Communication is difficult. Whether between humans, machines, or a combination of the two, trying to translate meaningful information is a lossy process.
Converting programming languages to use the new Unicode standard is hard, but once it’s in place, you get this marvelous feature-add: emoji compatibility. No longer do we have to make faces with symbols or use platform-specific emoticons. Rejoice in the extended character set.
Emoji have a rich history as a way to allow the communication of ideas in a reduced amount of data. They date back to a time where this was important: SMS communications in Japan. However, as social networks feverishly try to clamber onto this bandwagon, their implementations of the standard create issues with miscommunication that aren’t possible with a 12×12 pictograph.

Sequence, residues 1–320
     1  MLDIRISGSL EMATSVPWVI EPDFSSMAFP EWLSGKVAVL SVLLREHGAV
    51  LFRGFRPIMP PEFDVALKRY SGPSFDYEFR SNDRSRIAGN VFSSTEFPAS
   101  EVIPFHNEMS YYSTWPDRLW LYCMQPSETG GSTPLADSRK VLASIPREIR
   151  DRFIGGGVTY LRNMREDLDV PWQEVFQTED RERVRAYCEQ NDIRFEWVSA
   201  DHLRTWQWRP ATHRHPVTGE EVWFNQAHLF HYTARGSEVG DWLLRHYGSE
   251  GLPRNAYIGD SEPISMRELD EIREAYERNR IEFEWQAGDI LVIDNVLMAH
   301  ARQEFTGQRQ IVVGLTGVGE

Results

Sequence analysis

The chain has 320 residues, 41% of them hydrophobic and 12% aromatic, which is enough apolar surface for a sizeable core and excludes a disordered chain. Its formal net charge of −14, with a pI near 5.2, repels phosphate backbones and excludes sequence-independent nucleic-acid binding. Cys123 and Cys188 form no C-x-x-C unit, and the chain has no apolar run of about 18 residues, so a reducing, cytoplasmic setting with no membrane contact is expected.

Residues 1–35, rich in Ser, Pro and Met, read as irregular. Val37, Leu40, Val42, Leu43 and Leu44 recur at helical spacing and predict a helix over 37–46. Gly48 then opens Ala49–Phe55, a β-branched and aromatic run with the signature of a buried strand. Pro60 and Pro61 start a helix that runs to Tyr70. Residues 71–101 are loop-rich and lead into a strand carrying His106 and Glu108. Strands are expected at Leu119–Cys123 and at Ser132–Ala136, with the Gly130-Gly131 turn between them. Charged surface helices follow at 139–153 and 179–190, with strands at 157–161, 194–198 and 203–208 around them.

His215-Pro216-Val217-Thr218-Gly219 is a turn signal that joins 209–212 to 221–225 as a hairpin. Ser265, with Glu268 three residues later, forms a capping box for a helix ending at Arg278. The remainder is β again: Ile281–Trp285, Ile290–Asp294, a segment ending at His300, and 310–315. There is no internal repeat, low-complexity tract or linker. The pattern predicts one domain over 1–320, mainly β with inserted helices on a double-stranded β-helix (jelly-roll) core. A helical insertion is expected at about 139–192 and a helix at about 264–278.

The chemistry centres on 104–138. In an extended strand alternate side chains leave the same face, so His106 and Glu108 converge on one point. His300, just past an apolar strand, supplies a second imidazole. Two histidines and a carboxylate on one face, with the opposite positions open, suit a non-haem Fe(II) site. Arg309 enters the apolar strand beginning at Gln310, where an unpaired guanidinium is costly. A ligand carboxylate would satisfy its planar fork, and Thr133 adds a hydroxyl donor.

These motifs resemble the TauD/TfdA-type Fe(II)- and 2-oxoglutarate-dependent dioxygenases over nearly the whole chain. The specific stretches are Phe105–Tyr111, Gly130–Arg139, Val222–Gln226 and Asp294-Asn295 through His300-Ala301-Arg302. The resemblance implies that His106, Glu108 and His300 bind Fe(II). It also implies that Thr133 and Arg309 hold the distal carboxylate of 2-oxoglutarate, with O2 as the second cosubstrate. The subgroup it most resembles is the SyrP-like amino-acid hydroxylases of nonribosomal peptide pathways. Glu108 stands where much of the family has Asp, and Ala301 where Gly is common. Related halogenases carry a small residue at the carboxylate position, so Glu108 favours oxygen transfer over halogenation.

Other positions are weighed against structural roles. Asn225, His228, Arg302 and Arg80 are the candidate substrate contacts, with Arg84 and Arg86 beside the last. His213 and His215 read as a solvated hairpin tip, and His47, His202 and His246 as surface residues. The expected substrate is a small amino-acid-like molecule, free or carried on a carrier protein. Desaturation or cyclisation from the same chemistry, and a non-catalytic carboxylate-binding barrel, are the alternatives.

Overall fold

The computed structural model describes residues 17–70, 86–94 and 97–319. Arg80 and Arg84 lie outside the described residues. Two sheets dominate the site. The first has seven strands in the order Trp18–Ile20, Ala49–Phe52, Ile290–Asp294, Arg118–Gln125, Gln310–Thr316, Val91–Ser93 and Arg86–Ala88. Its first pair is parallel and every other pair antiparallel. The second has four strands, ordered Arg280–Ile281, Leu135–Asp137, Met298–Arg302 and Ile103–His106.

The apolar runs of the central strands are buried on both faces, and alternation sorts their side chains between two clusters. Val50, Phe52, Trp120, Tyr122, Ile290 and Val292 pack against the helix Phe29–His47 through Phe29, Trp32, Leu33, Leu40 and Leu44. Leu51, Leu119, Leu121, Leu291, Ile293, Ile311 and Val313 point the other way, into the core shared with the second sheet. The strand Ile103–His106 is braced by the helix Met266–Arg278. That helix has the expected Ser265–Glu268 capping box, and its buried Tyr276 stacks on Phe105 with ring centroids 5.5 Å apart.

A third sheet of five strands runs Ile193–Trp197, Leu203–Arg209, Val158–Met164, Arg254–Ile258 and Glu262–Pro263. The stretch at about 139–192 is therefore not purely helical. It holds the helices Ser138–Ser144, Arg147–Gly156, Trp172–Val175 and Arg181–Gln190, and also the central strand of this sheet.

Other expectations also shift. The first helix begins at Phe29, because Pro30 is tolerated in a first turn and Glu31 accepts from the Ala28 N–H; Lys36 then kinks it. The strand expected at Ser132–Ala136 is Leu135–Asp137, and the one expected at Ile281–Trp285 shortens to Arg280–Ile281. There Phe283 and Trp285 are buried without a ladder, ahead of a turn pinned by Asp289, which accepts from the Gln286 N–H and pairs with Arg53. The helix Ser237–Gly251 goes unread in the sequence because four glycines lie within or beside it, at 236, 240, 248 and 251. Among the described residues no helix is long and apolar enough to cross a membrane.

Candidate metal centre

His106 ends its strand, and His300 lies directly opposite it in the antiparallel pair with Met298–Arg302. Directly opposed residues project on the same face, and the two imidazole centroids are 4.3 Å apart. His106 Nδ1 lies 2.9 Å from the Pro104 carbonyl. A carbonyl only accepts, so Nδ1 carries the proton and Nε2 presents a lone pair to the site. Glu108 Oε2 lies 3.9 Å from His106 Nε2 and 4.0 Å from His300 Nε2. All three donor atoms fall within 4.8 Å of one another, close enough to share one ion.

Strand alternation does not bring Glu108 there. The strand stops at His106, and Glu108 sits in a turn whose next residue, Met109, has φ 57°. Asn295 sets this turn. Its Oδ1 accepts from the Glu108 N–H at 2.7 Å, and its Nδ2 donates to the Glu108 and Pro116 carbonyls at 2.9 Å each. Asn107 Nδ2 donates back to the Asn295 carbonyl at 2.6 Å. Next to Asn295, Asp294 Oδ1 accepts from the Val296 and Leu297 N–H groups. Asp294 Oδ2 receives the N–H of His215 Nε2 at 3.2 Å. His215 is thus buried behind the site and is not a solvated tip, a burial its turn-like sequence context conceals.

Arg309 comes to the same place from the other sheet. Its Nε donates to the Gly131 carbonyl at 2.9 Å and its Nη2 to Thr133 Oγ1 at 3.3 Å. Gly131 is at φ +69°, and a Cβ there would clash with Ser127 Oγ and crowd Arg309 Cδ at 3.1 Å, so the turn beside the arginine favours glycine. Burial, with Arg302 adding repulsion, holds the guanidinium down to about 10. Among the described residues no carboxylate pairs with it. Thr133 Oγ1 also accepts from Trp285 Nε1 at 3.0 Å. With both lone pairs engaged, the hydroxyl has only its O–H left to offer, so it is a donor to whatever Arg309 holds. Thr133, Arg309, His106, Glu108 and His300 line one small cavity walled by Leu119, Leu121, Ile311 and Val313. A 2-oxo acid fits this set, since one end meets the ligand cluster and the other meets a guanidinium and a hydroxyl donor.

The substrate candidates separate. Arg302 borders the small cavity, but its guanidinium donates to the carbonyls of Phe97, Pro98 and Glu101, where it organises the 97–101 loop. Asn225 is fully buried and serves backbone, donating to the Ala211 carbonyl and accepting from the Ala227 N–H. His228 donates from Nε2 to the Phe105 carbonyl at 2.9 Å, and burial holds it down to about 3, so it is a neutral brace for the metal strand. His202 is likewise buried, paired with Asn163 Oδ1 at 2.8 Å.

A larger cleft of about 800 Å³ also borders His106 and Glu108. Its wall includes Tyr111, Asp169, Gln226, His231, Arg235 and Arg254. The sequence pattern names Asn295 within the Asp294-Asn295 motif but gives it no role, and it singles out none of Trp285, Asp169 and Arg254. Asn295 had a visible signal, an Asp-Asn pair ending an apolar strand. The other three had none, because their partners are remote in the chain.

Katie McLaughlin discusses the history of emoji, cross-platform adoption, the Unicode standard, and emoji accessibility in web applications. ✨
Katie McLaughlin has worn many different hats over the years, including a software developer in many languages, a systems administrator for multiple operating systems, and a speaker on many different topics. She’s currently a core developer on the BeeWare project, organizer of KatieConf, and a former board member for Linux Australia. When she’s not changing the world, she enjoys making tapestries, cooking, and seeing just how well various application stacks handle emoji.
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